Eric Juengst is Director of the UNC Center for Bioethics and Professor in the Department of Social Medicine and the Department of Genetics at UNC Chapel Hill. From 1990 to 1994, he served as the first Chief of the Ethical, Legal and Social Implications Branch of the National Center for Human Genome Research at the U.S. NIH, and from 2005-2010 he directed the Center for Genetic Research Ethics and Law at CWRU, an NIH supported “Center of Excellence in Ethical, Legal and Social Implications Research.”
Lunch/workshop, Monday, April 13, 2015; 12:30-2:00, CHHS 128
Due to limited seating, please RSVP here by Tuesday, April 7th.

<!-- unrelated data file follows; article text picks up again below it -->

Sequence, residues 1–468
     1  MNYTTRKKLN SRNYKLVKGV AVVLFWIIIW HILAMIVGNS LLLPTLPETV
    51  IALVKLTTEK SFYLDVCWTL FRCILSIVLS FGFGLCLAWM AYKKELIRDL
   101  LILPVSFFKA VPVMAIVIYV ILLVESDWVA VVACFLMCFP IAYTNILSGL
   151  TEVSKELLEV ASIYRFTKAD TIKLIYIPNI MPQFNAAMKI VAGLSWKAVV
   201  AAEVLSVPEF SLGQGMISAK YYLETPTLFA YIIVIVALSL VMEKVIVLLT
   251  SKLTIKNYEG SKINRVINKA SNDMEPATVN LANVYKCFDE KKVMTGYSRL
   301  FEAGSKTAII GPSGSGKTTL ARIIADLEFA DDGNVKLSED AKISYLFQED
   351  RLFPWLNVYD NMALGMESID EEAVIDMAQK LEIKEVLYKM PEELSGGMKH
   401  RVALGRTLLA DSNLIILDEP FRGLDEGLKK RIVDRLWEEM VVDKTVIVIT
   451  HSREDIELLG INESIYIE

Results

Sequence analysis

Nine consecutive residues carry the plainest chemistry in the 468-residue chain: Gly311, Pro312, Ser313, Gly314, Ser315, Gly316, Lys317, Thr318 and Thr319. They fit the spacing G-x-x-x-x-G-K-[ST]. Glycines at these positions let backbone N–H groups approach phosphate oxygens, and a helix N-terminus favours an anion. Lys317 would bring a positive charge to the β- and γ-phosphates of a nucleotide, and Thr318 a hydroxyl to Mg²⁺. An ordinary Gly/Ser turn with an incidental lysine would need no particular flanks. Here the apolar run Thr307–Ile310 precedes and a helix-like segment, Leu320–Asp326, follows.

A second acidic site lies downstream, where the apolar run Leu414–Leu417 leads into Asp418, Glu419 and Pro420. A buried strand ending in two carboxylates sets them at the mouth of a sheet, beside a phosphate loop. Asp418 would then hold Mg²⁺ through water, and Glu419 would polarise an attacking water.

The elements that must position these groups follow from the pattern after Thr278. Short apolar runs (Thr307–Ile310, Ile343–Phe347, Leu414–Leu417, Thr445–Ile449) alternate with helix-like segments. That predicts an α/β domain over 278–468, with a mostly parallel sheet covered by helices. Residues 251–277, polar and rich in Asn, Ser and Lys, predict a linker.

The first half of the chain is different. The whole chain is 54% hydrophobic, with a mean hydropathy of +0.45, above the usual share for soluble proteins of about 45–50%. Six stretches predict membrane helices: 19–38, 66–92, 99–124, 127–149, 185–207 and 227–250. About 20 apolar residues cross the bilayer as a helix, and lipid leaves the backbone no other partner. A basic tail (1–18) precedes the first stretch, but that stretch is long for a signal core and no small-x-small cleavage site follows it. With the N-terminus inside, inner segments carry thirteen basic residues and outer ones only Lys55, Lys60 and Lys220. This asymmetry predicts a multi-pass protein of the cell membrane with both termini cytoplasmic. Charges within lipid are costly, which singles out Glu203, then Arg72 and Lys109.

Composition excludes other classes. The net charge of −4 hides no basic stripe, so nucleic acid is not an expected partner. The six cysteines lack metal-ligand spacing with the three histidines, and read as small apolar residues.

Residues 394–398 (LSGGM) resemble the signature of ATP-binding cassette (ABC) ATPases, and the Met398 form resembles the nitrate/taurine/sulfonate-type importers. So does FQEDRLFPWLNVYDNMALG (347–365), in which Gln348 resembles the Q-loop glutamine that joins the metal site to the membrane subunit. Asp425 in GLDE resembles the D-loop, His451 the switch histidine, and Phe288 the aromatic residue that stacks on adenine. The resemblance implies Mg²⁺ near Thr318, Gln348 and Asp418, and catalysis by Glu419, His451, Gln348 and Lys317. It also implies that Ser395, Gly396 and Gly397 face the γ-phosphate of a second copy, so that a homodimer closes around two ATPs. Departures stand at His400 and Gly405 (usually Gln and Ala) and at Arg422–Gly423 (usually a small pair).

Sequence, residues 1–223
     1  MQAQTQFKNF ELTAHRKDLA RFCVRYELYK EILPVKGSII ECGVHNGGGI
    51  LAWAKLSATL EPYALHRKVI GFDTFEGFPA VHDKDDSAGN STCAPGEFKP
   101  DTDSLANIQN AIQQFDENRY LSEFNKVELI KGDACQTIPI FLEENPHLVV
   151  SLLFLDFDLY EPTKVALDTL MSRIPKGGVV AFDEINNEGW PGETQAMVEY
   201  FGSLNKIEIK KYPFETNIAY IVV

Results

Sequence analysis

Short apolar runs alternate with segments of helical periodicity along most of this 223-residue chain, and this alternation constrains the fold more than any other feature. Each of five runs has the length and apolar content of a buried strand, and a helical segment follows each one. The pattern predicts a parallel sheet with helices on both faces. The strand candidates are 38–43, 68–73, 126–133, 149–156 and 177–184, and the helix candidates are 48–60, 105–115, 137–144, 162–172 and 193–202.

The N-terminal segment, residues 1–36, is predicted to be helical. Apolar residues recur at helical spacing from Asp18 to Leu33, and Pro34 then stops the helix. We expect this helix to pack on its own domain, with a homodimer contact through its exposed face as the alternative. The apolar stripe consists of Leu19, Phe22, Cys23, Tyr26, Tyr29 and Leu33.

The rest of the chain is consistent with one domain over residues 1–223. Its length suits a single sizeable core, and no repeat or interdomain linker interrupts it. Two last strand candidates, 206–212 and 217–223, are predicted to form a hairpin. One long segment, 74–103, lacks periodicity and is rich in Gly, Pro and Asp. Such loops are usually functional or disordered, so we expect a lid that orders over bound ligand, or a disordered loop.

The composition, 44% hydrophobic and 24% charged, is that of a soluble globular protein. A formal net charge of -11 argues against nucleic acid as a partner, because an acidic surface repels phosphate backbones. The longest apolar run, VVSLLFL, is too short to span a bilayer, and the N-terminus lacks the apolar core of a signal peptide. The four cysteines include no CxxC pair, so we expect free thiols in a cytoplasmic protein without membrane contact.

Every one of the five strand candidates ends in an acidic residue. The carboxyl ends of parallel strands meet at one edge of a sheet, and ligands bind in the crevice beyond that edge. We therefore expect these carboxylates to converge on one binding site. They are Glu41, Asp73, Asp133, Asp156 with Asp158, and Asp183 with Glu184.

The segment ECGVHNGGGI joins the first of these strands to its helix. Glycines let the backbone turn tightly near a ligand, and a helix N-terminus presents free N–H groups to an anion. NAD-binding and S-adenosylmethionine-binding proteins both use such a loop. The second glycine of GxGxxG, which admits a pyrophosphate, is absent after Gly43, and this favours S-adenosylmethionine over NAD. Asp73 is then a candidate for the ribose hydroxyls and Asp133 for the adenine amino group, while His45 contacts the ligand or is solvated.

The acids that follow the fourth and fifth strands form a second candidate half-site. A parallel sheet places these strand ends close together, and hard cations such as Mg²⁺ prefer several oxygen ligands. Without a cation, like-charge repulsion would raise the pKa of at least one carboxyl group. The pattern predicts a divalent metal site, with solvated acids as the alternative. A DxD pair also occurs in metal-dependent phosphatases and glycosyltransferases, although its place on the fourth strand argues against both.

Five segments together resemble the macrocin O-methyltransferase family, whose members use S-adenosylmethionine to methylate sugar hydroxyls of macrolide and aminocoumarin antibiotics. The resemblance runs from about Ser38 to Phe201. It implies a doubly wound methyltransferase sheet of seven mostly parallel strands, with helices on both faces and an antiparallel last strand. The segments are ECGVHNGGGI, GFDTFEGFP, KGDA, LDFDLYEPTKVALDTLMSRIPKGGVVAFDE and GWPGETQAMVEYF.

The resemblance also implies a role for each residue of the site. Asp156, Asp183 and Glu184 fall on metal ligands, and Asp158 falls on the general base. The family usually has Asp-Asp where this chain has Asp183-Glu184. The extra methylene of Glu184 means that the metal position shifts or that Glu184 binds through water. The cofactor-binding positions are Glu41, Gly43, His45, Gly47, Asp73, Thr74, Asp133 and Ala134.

Abstract: “Personalized Genomic Medicine” reigned for a decade after the completion of the Human Genome Project in 2001 as the banner under which the promoters of genomic research and its clinical translation rallied. Now the branding has changed to “Precision Medicine,” and that new banner has been taken to all the way to the White House. What lies behind this rhetorical shift, and what might its implications be for patients and communities as genomic technologies become integrated within healthcare? This presentation reports findings from a study of the evolution of genomic medicine that suggest two shifts in its priorities: away from “patient empowerment” as a cardinal virtue, and away from “individualized therapy” as a goal. Instead, genomic medicine now aspires to provide experts with tools to better classify patients into population-based risk groups, re-raising concerns over the social hazards that have attended such efforts in the past.